A total of 400 questionnaires were distributed in the Annual Conference of Indian Society of Anaesthesiologists (ISACON-2005), held at Kolkata, West Bengal, India from 26 th -30 th December 2005. Anaesthesiologists were selected randomly and requested to fill up the questionnaire during the recess hours of the conference. The filled questionnaires were duly collected after some time. The group to be studied included con­sultants guaranteed to have at least 5 years experience in anaesthesia after 3 years of their training in the sub­ject (MD or DNB qualification) .


   Results Top


A total of 400 questionnaires were distributed: of these 40 were discarded due to incomplete answer, leav­ing a total of 360 valid returned questionnaires, a 90% response rate. Of the returned questionnaires, 280(77.77%) were male and 80 (22.23%) female. The minimum number of years spent in clinical anaesthesia was 5 years, with a maximum of 39 years; 92(25.56%) had more than 15 years of experience. 92 (25.56%) re­sponders were from private institutions


   Nitrous oxide Top


In response to question-1, 84.44% stated that they used nitrous oxide frequently, with 12.22% using it oc­casionally, and only 3.89% stating that they never used the gas. Doctors working in private institutions used nitrous oxide more frequently (86.95%) when compared to the whole group. When asked about the last 5 years (question 2), 234(65%) of respondents stated that their use of nitrous oxide had stayed the same, with 27.22% stating that their use had decreased. 250 responders (69.44%) (question 3) stated that they avoided using ni­trous oxide for particular operations such as bowel sur­gery, surgeries related to ear and eye, sitting position and cardiac procedures. 51.67% always used close cir­cuit with circle absorber, while 11.11% never used close circuit with nitrous oxide.

The complications encountered by the responders in their clinical practice were desaturation, postopera­tive nausea vomiting, delivery of accidental hypoxic mix­ture due to lack of respiratory gas monitor, brain bulging and pneumocephalus.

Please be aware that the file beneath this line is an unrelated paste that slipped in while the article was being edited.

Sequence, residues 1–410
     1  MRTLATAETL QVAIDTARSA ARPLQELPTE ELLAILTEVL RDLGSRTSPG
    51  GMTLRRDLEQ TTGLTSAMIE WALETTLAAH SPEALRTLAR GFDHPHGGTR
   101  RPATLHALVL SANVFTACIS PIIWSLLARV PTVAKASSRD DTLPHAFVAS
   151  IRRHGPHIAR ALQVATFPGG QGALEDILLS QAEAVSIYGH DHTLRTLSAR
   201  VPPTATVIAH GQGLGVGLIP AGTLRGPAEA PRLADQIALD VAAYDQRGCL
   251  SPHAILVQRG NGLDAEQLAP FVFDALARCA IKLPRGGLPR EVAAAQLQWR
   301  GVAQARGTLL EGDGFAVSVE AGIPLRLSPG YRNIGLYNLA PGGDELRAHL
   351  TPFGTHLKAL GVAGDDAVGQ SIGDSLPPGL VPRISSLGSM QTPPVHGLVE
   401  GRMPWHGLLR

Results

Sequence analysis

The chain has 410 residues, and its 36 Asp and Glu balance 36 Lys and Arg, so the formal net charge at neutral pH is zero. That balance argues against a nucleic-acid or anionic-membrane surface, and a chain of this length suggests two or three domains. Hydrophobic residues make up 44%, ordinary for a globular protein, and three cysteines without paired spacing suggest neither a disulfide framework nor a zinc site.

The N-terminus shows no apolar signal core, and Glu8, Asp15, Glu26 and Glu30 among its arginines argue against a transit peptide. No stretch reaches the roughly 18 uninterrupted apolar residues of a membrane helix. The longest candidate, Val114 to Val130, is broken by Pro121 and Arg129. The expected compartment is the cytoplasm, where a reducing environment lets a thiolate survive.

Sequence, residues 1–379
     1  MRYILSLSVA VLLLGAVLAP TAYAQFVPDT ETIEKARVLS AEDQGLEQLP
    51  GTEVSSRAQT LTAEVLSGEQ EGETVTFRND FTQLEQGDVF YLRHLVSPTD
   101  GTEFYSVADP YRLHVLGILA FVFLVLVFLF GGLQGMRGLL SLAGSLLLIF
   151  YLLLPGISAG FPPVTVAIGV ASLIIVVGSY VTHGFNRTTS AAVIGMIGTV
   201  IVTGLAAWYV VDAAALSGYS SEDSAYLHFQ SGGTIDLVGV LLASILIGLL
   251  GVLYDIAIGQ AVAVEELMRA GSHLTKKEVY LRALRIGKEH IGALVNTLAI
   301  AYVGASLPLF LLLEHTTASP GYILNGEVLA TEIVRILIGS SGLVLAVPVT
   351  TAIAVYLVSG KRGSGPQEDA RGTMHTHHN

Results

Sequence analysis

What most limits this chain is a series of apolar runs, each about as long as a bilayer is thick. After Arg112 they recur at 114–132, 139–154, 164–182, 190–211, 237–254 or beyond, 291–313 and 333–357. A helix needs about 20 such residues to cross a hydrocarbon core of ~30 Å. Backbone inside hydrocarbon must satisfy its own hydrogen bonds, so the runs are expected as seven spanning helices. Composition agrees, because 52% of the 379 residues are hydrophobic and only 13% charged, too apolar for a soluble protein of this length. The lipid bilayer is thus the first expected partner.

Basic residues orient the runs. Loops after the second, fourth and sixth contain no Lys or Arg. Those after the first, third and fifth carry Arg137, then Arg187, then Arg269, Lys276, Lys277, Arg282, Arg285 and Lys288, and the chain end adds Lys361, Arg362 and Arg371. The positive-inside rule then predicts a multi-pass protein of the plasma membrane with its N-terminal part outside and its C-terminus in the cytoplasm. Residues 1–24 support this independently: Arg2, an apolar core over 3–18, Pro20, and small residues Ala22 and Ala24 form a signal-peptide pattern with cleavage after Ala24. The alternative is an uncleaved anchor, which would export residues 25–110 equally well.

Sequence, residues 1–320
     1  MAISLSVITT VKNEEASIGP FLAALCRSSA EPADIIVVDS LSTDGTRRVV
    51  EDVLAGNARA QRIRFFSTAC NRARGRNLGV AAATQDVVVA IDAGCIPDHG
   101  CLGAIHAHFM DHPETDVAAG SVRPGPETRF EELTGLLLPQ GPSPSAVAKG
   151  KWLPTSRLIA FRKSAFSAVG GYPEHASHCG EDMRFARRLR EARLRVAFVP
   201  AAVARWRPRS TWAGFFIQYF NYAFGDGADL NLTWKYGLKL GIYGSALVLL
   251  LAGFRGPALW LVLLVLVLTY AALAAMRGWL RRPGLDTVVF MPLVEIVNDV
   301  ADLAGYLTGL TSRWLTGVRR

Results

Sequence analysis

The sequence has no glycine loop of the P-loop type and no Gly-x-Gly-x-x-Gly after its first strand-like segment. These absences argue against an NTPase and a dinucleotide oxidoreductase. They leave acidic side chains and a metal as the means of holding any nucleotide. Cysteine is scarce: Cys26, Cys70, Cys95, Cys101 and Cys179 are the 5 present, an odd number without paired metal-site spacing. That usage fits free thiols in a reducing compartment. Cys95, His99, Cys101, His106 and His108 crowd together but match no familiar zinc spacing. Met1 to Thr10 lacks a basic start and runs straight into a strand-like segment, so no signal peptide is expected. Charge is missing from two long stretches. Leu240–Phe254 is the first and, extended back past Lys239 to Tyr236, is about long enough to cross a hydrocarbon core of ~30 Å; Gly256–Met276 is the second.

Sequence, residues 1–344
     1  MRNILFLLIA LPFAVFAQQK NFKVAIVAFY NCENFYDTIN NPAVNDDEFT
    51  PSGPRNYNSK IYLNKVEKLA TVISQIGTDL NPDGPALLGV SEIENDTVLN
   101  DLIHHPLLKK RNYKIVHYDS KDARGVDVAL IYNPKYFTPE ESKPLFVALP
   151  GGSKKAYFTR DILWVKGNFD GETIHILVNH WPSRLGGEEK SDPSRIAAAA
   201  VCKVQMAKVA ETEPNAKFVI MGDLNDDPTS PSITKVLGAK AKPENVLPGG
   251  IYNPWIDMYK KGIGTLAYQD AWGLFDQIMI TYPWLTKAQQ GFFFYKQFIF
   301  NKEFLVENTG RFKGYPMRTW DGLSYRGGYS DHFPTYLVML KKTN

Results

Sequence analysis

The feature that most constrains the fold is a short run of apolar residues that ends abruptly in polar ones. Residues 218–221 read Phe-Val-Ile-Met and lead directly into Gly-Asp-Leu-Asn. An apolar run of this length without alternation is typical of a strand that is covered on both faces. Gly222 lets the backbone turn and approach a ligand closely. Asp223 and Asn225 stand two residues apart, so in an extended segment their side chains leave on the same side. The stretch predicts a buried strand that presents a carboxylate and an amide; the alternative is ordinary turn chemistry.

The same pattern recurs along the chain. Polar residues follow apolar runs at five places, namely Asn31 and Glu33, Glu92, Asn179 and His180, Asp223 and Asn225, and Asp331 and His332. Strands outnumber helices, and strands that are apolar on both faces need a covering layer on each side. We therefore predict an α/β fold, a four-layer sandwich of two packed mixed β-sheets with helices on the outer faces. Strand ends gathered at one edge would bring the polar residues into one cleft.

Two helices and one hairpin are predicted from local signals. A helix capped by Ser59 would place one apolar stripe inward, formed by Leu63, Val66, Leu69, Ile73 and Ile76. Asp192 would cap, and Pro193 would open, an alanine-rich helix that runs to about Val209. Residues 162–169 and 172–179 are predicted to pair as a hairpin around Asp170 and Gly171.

Two hundred and thirty eight (66.11%) responders believed that operating theatre pollution by nitrous oxide was a problem, despite the increased use of circle sys­tems. The remainder (33.89%) felt that there was no pollution in the operating theatre environment.

Two hundred and twenty four (62.22%) respond­ers did not feel that their use of nitrous oxide had been influenced by the effect of pollution on staff or their health implications (question 7). Suggestions as to what mea­sures could be taken to reduce the pollution in operating theatre for staff (question 15) included encouraging greater use of TIVA, increasing use of low flow anaes­thesia and circle systems, better ventilation in the oper­ating theatres, need for greater education and training in measures to reduce pollution, reducing the use of nitrous oxide and using an alternative gas, such as xenon.

Two hundred and sixty four responders (73.33%) used halothane with nitrous oxide while72.22% respond­ers used it with isoflurane. The users of sevoflurane with nitrous oxide were only 34.44%. Most commonly used opioid with nitrous oxide was fentanyl(70.56%), followed by pentazocine (53.89%), pethidine(37.22%), morphine (35%) and sufentanil (20%).


   Medical air Top


The responses to question-10 showed that 186 (51.67%) responders did not have medical air in the op­erating theatres while 174 (48.33%) had the provision of medical air. When asked whether medical air was used when it was available (question-11), 240 (66.67%) stated in the affirmative, while 120 (33.33%) were unwilling to use it.


   Tiva Top


In response to question-12, 344 (95.56%) of anaesthesiologists stated that they used TIVA, with 132 (36.67%) using frequently and 214 (59.44%) using occa­sionally. When TIVA is used (question-13), 214 (59.44%) supplement anaesthesia with oxygen/nitrous oxide and 156 (43.33%) supplement with oxygen and air.

Further analysis was carried out on the 80 (22.23%) female responders to determine whether there was any greater concern regarding health and pollution issues. Questions-2 and 7 were combined to determine whether, over the last 5 years, nitrous oxide use had decreased and whether this was influenced by the effect of pollution on staff or other health considerations. Ten (12.5% of fe­males) stated that probability of health hazards had led to the decrease in the use of nitrous oxide. Further analysis was also carried out on questions-6 and 7 to determine whether the responders felt that pollution was still a prob­lem in operating theatre areas that had influenced their own practice. 44(55%) felt that it had, with 26(32.5%) stating that they did think that pollution was a problem but had not changed their practice as a result of it.